Photo - RBS Employee

Radiation Business Solutions Blog

Patient Satisfaction Surveys in Your Freestanding Radiation Oncology Practice

We often say that patients are at the top of our organizational chart at Radiation Business Solutions. Nowhere is this more evident than in our own cancer centers – Peninsula Radiation Oncology Center in Soldotna, AK; Southeast Radiation Oncology Center in Juneau, AK; and Northeastern Nevada Radiation Oncology Center in Elko, NV. As we review the results of our fourth quarter Patient Satisfaction Surveys, I am reminded of how valuable direct patient feedback can be. 

Most hospitals now use the extensive HCAHPS survey, which measures many aspects of care and has over thirty questions. Individual practices or freestanding cancer centers may choose to use their own survey tool. Our physician partners opted to develop a unique survey that was much shorter than HCAHPS, but still hit on the aspects of care that we feel most accurately measure quality.

If you are considering developing your own patient survey, here are some tips to help you bring more value to the process:

Make sure your questions reflect your mission statement.
Mission statements can act as a north star for your organization, ensuring that your decisions are driving you in the right direction. But have you asked your patients if they see the mission in action? Write your questions to mirror the language; for example, our centers strive to provide “Open, transparent communication,” so we ask our patients if they received “Open, transparent financial counseling.”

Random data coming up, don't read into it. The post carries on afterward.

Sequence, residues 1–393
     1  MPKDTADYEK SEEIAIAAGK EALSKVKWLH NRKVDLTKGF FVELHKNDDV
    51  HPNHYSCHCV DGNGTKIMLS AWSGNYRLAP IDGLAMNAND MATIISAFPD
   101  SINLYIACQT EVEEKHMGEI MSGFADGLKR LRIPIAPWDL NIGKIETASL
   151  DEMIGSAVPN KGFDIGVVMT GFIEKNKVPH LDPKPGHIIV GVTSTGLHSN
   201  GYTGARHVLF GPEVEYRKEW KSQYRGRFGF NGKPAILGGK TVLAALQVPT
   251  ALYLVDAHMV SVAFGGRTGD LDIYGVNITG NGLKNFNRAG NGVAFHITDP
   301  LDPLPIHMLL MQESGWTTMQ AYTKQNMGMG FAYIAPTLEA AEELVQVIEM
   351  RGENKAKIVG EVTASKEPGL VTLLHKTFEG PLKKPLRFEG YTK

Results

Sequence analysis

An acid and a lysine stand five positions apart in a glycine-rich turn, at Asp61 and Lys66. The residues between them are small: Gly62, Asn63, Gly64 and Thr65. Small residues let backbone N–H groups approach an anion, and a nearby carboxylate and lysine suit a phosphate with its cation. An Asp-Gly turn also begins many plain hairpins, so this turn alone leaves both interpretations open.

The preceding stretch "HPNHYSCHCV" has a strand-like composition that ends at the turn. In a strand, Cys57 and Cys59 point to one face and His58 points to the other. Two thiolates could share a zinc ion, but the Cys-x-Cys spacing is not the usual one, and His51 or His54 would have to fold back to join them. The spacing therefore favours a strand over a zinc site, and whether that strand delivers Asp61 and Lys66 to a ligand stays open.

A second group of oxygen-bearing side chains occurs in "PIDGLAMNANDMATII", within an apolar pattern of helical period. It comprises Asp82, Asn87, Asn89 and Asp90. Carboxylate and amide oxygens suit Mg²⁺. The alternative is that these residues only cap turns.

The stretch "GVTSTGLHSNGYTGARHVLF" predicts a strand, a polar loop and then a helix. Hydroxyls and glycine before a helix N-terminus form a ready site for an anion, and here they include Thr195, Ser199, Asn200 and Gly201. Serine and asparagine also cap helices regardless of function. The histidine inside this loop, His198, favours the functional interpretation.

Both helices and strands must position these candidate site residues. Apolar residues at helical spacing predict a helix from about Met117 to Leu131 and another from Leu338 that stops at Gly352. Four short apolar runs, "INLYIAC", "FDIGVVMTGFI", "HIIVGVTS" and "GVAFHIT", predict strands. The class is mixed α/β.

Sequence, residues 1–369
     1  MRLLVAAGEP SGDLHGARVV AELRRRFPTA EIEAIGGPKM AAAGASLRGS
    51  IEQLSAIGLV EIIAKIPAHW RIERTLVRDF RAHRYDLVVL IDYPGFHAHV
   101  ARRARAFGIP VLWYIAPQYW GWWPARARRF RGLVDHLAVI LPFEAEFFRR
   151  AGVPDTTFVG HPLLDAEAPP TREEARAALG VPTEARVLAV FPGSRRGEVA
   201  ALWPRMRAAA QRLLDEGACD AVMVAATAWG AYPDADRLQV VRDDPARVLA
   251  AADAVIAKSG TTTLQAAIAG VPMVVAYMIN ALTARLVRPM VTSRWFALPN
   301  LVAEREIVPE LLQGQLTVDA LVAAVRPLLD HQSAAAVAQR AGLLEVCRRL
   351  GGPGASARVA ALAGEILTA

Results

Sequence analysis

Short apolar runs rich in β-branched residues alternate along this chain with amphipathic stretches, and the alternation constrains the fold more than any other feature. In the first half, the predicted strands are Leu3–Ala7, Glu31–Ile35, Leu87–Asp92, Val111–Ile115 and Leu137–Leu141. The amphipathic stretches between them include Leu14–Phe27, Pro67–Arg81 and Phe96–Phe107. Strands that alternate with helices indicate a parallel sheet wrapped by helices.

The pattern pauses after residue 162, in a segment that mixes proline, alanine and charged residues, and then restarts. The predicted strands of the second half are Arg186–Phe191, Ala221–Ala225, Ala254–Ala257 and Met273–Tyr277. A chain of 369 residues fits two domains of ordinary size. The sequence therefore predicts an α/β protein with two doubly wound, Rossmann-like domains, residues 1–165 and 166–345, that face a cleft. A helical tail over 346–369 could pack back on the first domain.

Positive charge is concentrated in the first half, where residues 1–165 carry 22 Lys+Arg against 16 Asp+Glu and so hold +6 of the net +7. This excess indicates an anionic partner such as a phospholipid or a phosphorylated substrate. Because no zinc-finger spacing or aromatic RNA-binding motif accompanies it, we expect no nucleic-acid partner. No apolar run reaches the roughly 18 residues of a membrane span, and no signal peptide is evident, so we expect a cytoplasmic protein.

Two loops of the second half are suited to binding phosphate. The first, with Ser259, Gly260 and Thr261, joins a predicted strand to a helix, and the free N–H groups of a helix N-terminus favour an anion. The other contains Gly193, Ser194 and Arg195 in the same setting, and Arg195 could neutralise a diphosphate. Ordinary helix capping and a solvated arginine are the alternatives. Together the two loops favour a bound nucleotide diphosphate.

Ensure confidentiality.
Many patients won’t respond honestly if they feel that the physicians and staff are going to be able to identify them from their comments. Our centers hand the surveys directly to patients after their last treatment, along with a self-addressed, stamped envelope. In our case, the surveys come to our corporate office, allowing a further degree of separation, but even if the envelopes come to your center, the mailing process allows for some anonymity. Alternatively, you could offer an online survey.

The process should allow for immediate action when warranted.
This anonymity comes with an important footnote: sometimes patients will share things in a survey that they would never articulate in person. You may find out via survey that there is a serious, or even dangerous, issue at your center that you would otherwise never have heard about. Whether you are collecting the surveys yourself or using an outside vendor, be sure that the person recording the results feels empowered to bring very negative comments to your attention immediately.

Report regularly, and publicly.
Our surveys are tabulated quarterly, and the results are shared throughout our organization. This not only gives us a chance to address issues quickly, but it gives us an opportunity to celebrate the things we are doing right. Blogging and posting the results on social media helps us publicize our story and also helps to keep us accountable (remember that “open, transparent communication” mentioned above?).

Used correctly, a Patient Satisfaction Survey program can be a valuable tool for your practice. I’m proud to say that all three of our centers received excellent results this last quarter, thanks to our team of dedicated physicians and staff! If you have questions or would like to see an example of one of our surveys, feel free to contact us.